It’s Fall! Officially. Fall means women are itching to pull their fall wardrobe out of the closet and people are sipping on pumpkin spice lattes. The mornings are starting off a little cooler and the chill of the evening is setting in earlier. There are pumpkins in the grocery stores proclaiming the end of summer and the ushering in of a new season. Whether we like it or not, fall is here. And, so is the goodness of fall produce.
This week as you roam through the produce department of your local grocery store or market wondering what you should make for dinner—check out the squash. Summer and winter squash are in peak season! Now is the time to indulge in these healthy fall favorites.
There are several varieties of squash—butternut, acorn, banana, etc. They are divided into the categories of summer squash and winter squash. Don’t let the seasons confuse you. Summer squash season lasts into the winter and winter squash is available beginning in late summer.
The health benefits of squash are many. When you include squash as a part of your diet, your body will thank you for the boost in antioxidants, anti-inflammatory benefits, potential help with blood sugar regulation, and the promotion of cardiovascular health. The butternut squash in particular is loaded with vitamin A, vitamin C, potassium, and fiber. These nutrients aid in healthy skin and eye health, wound healing and iron absorption, healthy blood pressure, and improved cholesterol levels.
Butternut squash is beige colored and is shaped like a bell. This unique shape requires a special approach to cutting. www.Whfoods.com suggests it is best to first cut it in half between the neck and bulb. This makes peeling it much easier. Then, cut the bulb in half and scoop out seeds. Slice into 1-inch slices and make 1-inch cuts across slices for 1-inch cubes. This is the best size and shape for steaming.
Squash is a versatile veggie. It can be roasted, steamed, pureed, used in soups, mixed into salads, and sweetened for pies. Even the seeds can be taken out, roasted and enjoyed for additional health benefits.
Red Quinoa with Roasted Butternut Squash, Cranberries and Pecans
Recipe from glutenfreegoddess.com. Link to recipe: http://glutenfreegoddess.blogspot.com/2010/01/red-quinoa-with-butternet-squash.html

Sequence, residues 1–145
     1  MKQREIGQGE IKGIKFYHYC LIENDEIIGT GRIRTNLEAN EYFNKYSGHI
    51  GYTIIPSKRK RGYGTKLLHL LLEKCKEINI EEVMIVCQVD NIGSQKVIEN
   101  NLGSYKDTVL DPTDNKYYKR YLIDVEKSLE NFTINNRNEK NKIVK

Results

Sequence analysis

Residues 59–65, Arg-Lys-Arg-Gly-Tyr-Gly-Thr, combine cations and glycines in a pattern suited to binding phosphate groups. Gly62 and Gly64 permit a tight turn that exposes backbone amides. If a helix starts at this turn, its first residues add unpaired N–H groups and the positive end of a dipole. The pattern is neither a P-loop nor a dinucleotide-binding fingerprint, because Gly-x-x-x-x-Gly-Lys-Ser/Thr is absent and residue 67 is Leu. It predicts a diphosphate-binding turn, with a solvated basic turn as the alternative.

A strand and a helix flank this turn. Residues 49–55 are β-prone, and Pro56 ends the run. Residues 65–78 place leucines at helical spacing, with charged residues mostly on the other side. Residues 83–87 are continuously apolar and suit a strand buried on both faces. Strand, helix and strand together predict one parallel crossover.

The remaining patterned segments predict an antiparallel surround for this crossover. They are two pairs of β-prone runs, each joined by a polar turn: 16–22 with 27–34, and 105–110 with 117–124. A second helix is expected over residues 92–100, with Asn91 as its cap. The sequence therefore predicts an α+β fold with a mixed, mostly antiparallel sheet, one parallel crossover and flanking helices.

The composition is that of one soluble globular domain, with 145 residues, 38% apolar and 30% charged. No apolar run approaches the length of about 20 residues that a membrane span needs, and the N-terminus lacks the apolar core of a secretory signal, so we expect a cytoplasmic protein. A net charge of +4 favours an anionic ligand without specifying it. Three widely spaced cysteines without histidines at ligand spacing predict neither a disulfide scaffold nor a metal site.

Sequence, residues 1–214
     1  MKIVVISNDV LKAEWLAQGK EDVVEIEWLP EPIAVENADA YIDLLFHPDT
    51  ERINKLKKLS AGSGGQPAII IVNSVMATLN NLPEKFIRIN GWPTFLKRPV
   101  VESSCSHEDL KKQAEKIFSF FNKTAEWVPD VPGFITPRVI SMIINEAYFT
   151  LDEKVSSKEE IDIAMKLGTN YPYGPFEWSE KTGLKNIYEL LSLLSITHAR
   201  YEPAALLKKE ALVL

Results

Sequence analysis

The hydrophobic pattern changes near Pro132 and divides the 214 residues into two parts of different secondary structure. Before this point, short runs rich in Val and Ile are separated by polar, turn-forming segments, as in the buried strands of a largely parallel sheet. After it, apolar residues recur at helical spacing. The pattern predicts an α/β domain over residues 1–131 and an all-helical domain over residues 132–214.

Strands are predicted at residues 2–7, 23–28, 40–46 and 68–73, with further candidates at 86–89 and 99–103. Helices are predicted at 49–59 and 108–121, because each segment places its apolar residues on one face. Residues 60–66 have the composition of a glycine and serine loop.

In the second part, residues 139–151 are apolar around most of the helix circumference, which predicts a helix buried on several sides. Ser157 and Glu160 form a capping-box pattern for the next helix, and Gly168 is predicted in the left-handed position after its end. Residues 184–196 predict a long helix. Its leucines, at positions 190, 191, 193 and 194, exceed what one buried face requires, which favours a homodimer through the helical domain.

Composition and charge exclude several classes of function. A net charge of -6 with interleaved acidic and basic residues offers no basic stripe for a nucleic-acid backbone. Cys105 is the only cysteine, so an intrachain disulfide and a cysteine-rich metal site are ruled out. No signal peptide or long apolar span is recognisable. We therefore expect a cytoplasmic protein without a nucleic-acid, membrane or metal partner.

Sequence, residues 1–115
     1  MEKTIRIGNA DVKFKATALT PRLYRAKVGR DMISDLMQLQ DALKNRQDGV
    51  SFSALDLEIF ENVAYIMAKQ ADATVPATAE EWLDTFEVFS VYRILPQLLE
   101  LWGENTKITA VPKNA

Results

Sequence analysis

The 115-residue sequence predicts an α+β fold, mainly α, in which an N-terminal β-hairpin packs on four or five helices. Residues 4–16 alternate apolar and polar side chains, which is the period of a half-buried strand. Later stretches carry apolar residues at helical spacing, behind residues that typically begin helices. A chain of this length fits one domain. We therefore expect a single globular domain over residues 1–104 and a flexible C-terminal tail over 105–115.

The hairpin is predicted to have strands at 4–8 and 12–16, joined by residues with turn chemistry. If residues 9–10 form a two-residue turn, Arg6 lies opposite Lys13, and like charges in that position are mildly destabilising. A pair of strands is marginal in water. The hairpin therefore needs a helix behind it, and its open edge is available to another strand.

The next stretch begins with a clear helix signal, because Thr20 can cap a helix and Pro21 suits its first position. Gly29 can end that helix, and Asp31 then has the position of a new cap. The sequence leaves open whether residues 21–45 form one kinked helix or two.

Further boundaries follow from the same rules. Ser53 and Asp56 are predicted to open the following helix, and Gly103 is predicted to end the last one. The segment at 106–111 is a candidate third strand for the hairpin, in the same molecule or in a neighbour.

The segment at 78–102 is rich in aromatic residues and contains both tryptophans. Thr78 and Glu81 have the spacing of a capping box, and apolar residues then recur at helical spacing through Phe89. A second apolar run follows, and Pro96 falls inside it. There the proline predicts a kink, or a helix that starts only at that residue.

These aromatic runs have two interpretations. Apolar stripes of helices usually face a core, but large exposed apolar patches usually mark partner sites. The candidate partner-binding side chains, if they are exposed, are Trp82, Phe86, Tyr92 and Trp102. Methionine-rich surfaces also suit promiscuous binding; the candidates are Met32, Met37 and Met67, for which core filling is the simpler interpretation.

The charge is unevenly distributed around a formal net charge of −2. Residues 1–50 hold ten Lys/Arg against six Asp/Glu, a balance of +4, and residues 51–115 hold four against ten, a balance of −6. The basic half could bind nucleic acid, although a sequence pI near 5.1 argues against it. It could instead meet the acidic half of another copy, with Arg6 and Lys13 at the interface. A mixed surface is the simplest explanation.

I find red quinoa is a tad crunchier than the usual quinoa I cook, so I add a bit more water to make it softer. If you like your quinoa al dente, use a grain to liquid ratio of 1:2 with red quinoa. If you prefer it a little softer, add another 1/4 cup water. See more at: How to Cook Quinoa the Easy Way.
Red Quinoa -- Preparation
Cook 1 cup red quinoa in a rice cooker, using a 1:2 ratio of 1 cup red quinoa to 2 cups water. If you don't have a rice cooker, cook the quinoa on the stove in a pot, according to package directions.
Roasted Butternut Squash
In a medium roasting pan add these ingredients:
- 1 smallish butternut squash, peeled and diced
- 1/2 cup fresh or frozen cranberries, halved or chopped as you prefer
- 1/2 of a medium red onion, diced fine
- 1 clove of garlic, minced
Meanwhile, preheat the oven to 375 degrees F. Drizzle the butternut squash, cranberries, onion and garlic with a little olive oil, to coat. Add a teaspoon or two of pure maple syrup--not too much. Sprinkle with sea salt. Toss everything together. Roast in the top half of the oven until the squash is tender- about 15 to 20 minutes. Remove the pan and set aside.
In a large dry skillet, add:
1/2 cup chopped pecans. Heat the skillet and lightly toast the pecans briefly, till fragrant. Add in the cooked quinoa and the butternut mixture.
Finishing Touches, add:
- 2 tablespoons fresh chopped parsley
- A sprinkle of cumin, ginger or curry, to taste
- Sea salt and ground pepper, to taste
Drizzle the quinoa mixture with some fruity extra virgin olive oil and toss to coat. Taste test and adjust seasonings. Heat through gently. Makes 4 servings.